Performance-based flood safety-checking for non-engineered masonry structures

Fatemeh Jalayer, Stefano Carozza*, Raffaele De Risi, Gaetano Manfredi, Elinorata Mbuya

*Corresponding author for this work

Research output: Contribution to journalArticle (Academic Journal)peer-review

21 Citations (Scopus)
314 Downloads (Pure)

Abstract

Demand and Capacity Factor Design (DCFD) is a probability-based safety-checking format for performance-based seismic design and assessment of structures. Inspired from the original DCFD formulation for seismic excitation, this work proposes a similar performance-based safety-checking format for flooding, adopting the flood height as the intensity measure. The proposed DCFD formulation implements the fragility/hazard parameters for flooding. The structural fragility is evaluated by adopting an efficient and simulation-based method yielding the so-called "robust" fragility curve and an associated plus/minus one-standard deviation interval. The structural performance is measured by the (critical) demand to capacity ratio for the weakest element of the weakest wall within the structure, subjected to a combination of hydro-static, hydro-dynamic and accidental debris impact loads. Analogous to the incremental dynamic analysis method proposed for seismic demand assessment, an incremental flood height analysis is used to monitor the structural performance as a function of increasing water height. For each structural modelling configuration, generated based on the characterization of uncertainties in loading and material mechanical properties, the incremental flood height analysis is employed in order to calculate the critical water height corresponding to a demand to capacity ratio of unity. The application of the proposed methodology is demonstrated for both flood fragility/risk assessment and comparative screening of various viable flood mitigation strategies for a non-engineered building made of cement bricks in Dar Es Salaam, Africa.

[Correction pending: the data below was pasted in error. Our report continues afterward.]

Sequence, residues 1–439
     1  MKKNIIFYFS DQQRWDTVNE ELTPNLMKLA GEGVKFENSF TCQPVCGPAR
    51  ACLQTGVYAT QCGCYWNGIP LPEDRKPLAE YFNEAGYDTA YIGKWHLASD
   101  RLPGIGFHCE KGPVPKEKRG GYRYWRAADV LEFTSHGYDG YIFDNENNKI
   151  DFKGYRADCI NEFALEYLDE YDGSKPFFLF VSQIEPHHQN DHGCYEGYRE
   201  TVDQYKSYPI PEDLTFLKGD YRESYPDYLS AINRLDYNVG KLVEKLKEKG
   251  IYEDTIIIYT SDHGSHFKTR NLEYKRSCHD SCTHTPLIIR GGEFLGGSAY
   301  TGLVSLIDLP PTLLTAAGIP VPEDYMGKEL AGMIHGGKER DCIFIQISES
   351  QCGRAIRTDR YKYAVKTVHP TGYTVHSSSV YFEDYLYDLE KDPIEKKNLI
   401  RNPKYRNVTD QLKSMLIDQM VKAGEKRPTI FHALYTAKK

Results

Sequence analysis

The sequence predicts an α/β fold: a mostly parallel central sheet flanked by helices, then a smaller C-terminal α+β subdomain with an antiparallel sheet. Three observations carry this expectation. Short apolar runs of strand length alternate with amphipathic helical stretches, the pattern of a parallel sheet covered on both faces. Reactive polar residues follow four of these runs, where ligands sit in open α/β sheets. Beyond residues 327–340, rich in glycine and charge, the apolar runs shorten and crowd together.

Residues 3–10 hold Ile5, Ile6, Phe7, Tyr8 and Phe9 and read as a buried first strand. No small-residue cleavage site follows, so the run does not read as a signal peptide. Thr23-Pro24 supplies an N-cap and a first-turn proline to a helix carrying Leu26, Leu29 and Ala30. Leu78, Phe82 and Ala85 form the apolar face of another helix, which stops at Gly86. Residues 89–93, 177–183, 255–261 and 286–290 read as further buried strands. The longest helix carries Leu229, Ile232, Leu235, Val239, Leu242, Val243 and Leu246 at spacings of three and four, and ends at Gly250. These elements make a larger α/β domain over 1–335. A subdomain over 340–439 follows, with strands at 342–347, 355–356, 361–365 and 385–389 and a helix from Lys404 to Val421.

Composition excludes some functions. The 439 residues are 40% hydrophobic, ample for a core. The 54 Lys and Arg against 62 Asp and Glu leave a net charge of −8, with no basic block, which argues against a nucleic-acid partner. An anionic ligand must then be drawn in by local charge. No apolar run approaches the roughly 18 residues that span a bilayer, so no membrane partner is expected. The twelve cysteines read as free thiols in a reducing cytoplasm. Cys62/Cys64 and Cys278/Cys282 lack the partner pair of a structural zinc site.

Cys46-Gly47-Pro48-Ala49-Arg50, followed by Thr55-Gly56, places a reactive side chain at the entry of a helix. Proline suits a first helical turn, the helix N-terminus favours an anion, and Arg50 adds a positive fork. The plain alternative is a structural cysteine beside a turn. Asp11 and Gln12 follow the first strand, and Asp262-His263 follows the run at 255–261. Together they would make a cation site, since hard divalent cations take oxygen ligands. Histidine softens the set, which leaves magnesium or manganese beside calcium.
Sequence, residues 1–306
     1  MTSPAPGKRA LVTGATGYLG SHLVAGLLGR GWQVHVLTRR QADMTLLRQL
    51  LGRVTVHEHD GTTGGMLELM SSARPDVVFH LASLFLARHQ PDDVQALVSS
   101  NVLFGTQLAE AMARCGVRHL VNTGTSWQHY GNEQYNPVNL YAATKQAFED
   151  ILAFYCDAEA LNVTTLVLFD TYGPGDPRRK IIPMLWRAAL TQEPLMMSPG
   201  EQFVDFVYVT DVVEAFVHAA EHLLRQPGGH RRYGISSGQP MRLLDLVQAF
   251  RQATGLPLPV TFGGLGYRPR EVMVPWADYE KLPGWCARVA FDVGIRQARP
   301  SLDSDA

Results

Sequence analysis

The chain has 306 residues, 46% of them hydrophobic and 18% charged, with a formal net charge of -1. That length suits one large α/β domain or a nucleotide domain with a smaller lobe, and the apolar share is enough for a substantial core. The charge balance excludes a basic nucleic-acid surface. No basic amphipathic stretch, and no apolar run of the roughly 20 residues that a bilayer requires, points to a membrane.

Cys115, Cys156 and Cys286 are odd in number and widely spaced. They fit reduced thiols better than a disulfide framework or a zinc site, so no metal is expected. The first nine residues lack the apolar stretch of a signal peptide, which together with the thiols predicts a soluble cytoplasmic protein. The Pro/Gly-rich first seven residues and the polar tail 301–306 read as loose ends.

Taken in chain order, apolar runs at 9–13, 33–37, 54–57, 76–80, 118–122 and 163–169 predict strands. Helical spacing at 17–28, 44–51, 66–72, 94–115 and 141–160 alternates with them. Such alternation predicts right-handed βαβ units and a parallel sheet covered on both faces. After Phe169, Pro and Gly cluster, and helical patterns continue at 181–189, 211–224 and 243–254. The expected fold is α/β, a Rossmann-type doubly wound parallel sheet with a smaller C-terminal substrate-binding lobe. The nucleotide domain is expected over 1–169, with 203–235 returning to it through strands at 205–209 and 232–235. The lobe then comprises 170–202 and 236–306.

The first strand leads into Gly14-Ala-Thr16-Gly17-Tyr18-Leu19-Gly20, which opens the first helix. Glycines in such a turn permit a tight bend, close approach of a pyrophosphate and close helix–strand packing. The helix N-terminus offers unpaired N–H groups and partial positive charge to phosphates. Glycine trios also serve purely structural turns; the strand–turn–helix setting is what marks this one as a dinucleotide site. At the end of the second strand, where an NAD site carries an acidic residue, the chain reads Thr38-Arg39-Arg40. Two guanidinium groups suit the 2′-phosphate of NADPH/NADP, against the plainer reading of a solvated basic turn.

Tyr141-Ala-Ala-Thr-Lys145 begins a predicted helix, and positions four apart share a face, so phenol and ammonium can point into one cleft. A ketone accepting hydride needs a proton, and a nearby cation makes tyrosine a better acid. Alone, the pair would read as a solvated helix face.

Original languageEnglish
Pages (from-to)109-123
Number of pages15
JournalEngineering Structures
Volume106
Early online date11 Nov 2015
DOIs
Publication statusPublished - 1 Jan 2016

Keywords

  • Flood risk assessment
  • Hydro-geological hazards
  • Informal settlements
  • Structural vulnerability
  • Upgrade decision-making

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